Maybe it is the INTJ in me, but I can't seem to get beyond one sticking point with bacon: it is processed. I know I should be looking for minimally processed bacon, but where I live that is actually quite hard.
My question: Why do people feel it is ok to eat bacon even though it is processed? And what do people look for in a bacon that is ok to eat? Low sodium? Low nitrates (how do you figure that out, anyway)?
Thanks, Jason/Aka confused about bacon
If you want to avoid processed food, stick with fruit or stop eating. Most, if not all, other food is processed--cut up, ground, cooked, whatever. I wish that anti-processed-food meme would fricking die, it's not even close to accurate about what's wrong with our modern food supply.
Bacon came to be part of our cuisine in the first place because the process of its creation developed out of a need to preserve meat in a world in which refrigeration did not exist. Civilization did not invent preserved meat. Foragers were doing it long before then. We should all be familiar with the idea of making jerky out of bison, something the Lakota did for generations. I wouldn't be surprised if the Pacific tribes were doing the same thing with salmon AND using salt since the ocean was right there within reach.
Having access to fresh meat all the time is not a normal part of the human experience. It is entirely an artifact of industrial civilization and the fossil fuel infrastructure. If we were doing without industrial appliances and fossil fuel we might indeed have fresh meat with dinner immediately after a hunt or slaughter, but the rest of the kill would have to be preserved in some way if we didn't want to have to hunt or slaughter an animal each and every day. Dried, pickled, cured, doesn't matter--whatever would make it last long enough to still be edible later when needed.
I would actually prefer that all bacon were salt-cured. We've come to using nitrates and MSG in our industrial food supply because of this erroneous belief that sodium is unhealthy. But there is a dietary requirement for sodium, while there is none for nitrates or MSG--and the only people who demonstrably have an adverse health response to sodium are people whose health is already damaged. It turns out sodium/potassium balance is more important to health than whether you eat sodium at all.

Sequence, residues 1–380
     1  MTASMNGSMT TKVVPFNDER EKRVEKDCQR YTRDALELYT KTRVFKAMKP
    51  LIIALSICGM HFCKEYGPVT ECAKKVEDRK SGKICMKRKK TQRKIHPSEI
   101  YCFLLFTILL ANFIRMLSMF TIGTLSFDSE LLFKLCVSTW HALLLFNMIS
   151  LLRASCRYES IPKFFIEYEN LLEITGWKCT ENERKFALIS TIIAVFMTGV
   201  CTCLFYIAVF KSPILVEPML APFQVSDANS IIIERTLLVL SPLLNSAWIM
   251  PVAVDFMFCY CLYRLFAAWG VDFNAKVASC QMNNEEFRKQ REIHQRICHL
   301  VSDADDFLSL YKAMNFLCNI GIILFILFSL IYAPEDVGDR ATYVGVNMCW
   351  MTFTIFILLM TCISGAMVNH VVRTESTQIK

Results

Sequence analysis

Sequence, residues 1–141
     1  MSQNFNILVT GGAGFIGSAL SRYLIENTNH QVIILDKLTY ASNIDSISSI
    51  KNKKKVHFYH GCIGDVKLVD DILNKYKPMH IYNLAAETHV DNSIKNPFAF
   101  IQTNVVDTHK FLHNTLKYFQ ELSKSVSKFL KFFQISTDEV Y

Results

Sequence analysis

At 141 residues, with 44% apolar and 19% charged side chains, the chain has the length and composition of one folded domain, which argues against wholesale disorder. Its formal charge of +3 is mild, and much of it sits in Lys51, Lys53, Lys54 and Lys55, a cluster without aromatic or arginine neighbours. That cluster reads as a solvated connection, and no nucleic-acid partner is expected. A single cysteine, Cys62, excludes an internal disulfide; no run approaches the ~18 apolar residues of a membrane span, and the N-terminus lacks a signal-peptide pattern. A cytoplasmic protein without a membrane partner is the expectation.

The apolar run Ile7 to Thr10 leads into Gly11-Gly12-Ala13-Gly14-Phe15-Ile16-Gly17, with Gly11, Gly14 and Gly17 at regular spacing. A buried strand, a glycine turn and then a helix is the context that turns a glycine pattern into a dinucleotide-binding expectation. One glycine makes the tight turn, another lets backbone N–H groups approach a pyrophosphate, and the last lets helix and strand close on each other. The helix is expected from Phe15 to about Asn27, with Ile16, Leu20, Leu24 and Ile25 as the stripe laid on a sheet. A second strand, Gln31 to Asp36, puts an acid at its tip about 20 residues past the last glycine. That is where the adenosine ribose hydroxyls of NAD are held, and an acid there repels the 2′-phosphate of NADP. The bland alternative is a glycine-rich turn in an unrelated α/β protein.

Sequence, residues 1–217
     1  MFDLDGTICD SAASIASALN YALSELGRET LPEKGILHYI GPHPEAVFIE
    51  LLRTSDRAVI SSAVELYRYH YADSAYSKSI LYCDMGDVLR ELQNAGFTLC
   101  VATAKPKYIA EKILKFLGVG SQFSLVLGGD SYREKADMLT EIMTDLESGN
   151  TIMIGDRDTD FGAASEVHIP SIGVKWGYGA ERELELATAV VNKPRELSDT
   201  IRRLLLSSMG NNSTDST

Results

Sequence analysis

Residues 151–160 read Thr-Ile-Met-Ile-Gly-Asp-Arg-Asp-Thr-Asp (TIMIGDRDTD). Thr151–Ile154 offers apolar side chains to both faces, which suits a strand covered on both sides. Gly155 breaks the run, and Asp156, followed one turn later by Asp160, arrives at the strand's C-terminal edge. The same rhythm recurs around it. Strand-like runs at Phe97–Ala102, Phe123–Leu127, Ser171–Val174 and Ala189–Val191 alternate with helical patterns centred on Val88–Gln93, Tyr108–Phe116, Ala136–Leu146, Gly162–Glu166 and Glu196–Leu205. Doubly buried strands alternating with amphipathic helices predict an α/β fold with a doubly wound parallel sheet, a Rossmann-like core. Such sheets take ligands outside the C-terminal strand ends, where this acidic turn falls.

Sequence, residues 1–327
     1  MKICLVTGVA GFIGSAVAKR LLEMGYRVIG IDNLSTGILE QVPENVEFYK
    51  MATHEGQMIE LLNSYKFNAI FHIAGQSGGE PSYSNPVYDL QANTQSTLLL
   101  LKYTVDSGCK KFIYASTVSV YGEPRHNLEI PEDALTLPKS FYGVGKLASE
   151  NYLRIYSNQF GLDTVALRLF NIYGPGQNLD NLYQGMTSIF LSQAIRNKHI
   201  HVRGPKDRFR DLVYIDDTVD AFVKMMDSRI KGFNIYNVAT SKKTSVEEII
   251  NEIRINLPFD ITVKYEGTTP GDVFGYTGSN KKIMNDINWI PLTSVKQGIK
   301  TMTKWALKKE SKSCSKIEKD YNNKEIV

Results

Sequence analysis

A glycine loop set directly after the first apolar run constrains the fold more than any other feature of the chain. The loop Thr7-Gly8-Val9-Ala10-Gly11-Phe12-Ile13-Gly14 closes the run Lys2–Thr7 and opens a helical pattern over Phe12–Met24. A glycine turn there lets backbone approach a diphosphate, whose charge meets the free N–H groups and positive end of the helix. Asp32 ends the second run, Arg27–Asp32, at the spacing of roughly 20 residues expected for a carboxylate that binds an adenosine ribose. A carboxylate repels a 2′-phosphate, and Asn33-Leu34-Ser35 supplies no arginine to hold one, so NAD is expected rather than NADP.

Personally I'm more interested in whether the bacon in question has a large amount of sugar in it. There is such a thing as no-sugar-added bacon but you really have to search for it sometimes.
The local butcher here doesn't add anything (nitrates, salt, etc) to the bacon--it's totally fresh. Although I wouldn't make it the centerpiece of every meal, I don't think there is anything wrong with cooking with good, fresh, preservative-free bacon.
Getting uncured vs. cured bacon doesn't really matter. In fact a good number of uncured bacons use celery powder or something of the sort, and, when cooked, have tested to have MORE nitrates than cured bacon. I wouldn't worry about the nitrates. They naturally occur at much higher levels in some vegetables. In terms of sodium, I usually buy niman ranch uncured bacon (not for the fact that it is uncured, but simply that I think it tastes better). The sodium in it is of very little worry to me. Some people do better with more sodium or less. That kind of needs to be an n=1 experiment. I remember reading something that healthy individuals blood pressure and other health markers weren't negatively affected by increasing salt intake, say from 2500 mg/ day to 3500 mg/ day. Honestly, I wouldn't be too worried about the fact that it's conventionally raised. Obviously, if you can get pastured bacon, that would be amazing! If not eating/ choosing bacon forces you to choose something non-primal or even less tasty, then you are missing out. Buy the bacon!